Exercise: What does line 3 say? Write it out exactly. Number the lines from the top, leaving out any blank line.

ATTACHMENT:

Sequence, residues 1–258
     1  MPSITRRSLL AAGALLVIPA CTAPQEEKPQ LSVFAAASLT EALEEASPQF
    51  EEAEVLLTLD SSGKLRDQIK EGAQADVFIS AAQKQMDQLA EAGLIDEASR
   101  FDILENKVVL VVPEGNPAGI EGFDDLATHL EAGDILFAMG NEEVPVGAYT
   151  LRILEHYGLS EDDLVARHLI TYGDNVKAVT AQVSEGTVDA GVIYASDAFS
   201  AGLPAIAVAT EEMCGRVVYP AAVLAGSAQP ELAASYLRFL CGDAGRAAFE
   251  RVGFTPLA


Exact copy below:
    51  EEAEVLLTLD SSGKLRDQIK EGAQADVFIS AAQKQMDQLA EAGLIDEASR